We’re back for another day of voting in the GeekWire Awards, and today’s category is all about the geeks who give back. The Do-Gooder of the Year category — presented by Seattle Children’s Research Institute — is designed to recognize the people who are making the community stronger through philanthropic efforts and just all-around good deeds.
We kicked off voting for the GeekWire Awards last week, and we’ll continue tabulating the votes in the 14 categories in the coming days. The winners will be revealed at the big GeekWire Awards bash on May 9th at the Experience Music Project in Seattle.
Ready to vote? Here are the five finalists:
Artie Buerk: A critical component of any technology hub is a strong university, one which can spin out groundbreaking startups. The University of Washington is making big strides in that arena, creating a culture where entrepreneurial-minded students can thrive. And thanks to Artie Buerk, the longtime Seattle venture capitalist, they will have more support than ever. Buerk, a 1958 UW grad and founder of Montlake Capital, donated $5.2 million to the UW’s entrepreneurial program, now named the Buerk Center for Entrepreneurship, in January. His donation will make sure that the UW keeps the entrepreneurial flame burning bright.
Edward Jiang: Edward Jiang hasn’t yet made it through the University of Washington, but he’s still stirring up the entrepreneurial community in a big way. The 21-year-old Jiang is the co-founder of StudentRND, a non-profit organization which hosts weekend hackathons and tech incubator programs for entrepreneurial high school and college kids. As we noted last week in our voting for “Young Entrepreneur of the Year,” some of the biggest ideas in technology have been created by people under the age of 30. Jiang, along with his colleagues at StudentRND, are making sure the Seattle area has a stable crop of those up-and-comers. Jiang’s mission is pretty simple: “What we wanted to build was a community of kids who loved to build cool stuff.”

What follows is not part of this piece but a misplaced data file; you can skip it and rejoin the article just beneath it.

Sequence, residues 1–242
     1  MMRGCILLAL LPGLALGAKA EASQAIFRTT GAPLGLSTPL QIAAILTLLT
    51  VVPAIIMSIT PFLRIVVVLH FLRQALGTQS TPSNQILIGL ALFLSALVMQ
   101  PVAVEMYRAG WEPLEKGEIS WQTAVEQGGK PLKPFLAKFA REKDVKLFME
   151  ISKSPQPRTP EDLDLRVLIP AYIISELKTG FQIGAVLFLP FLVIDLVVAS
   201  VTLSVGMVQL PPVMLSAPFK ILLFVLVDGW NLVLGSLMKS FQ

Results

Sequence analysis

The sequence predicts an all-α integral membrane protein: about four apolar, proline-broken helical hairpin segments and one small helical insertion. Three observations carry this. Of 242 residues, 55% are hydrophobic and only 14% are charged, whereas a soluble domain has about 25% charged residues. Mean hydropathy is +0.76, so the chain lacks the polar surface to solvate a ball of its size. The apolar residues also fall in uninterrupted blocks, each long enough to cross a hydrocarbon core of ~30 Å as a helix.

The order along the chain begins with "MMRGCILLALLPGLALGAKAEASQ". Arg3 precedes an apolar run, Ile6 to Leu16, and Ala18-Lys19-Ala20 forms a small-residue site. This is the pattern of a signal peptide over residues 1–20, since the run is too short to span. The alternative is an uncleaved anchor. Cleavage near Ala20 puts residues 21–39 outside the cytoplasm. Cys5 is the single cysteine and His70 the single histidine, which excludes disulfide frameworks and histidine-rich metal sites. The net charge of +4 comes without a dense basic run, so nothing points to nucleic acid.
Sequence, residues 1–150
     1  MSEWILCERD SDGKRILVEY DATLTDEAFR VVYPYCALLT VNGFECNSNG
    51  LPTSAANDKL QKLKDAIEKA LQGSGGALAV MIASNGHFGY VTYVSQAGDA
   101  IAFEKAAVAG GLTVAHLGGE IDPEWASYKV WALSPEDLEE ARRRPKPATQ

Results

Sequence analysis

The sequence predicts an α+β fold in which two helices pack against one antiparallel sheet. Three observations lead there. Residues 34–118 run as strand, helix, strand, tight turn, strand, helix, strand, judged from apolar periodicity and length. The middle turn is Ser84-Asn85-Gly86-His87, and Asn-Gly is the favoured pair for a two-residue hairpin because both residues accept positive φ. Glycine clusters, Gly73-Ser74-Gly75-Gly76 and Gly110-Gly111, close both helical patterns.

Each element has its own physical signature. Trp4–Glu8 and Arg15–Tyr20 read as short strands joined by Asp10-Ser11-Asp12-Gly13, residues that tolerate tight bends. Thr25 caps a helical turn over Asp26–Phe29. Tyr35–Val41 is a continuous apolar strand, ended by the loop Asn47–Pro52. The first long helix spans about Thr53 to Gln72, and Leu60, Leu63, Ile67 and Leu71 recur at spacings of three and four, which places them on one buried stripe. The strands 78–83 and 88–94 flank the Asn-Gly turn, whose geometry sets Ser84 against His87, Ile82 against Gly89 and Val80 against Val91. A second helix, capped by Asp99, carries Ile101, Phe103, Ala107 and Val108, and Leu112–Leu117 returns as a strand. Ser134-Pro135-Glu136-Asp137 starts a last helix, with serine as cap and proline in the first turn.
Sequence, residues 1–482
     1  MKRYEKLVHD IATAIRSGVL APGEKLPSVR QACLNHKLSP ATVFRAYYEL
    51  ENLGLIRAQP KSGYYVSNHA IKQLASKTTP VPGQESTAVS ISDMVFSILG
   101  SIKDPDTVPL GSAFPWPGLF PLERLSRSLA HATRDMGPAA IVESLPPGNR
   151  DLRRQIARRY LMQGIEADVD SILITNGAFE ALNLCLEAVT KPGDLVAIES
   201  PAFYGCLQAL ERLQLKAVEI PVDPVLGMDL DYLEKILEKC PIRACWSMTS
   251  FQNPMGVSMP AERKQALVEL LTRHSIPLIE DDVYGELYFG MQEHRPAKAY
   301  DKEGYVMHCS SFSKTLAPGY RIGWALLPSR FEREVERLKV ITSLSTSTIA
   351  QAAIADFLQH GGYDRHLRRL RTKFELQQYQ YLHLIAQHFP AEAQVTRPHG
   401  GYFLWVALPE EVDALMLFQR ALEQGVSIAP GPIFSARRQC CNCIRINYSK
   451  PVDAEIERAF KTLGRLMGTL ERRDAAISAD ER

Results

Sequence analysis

Michael “Luni” Libes: Seattle has a culture of giving back, and Luni Libes wants to help facilitate that through Fledge. The Seattle entrepreneur last year formed the new incubator, one which is designed for what he dubs “socially-conscious startups.” Libes followed up Fledge with a new program called Kick, which launched last month. He calls it the “inclusive incubator,” since it is designed for those who don’t make the cut at other incubators.
Marc Nager: Startup Weekend is a force, supporting 54-hour entrepreneurial hackathons throughout the world. But the organization is very much rooted in the Northwest, and Nager is a huge supporter of the local tech community. The good work of Nager and crew is getting recognized. They rang the opening bell on the New York Stock Exchange last December, an honor typically reserved for newly-traded companies. And now they are looking to do even more with the entrepreneurial community, launching its NEXT program last October for those who need a little more support than can be provided in a weekend.
Hadi Partovi: Let’s face it, we need more developers, engineers and all-around geeks. Everyone in the tech community recognizes the challenge. But Seattle entrepreneur Hadi Partovi and his twin brother Ali are doing something about it with the formation of Code.org. The non-profit, formed earlier this year, is shining a light on the importance of computer science education. And it is doing it in a big way, starting with promotional videos that included cameos from Bill Gates, Mark Zuckerberg and others.
The GeekWire Awards — originally started by Seattle entrepreneur Marcelo Calbucci — are in their 5th year now. Past winners have included Tableau Software, PopCap Games, angel investor Andy Sack, Cheezburger CEO Ben Huh, Zillow Chairman Rich Barton and many others.
Thanks again to our “Do-Gooder of the Year” category sponsor: Seattle Children’s Research Institute. Make sure to get your tickets today for this one-of-a-kind event.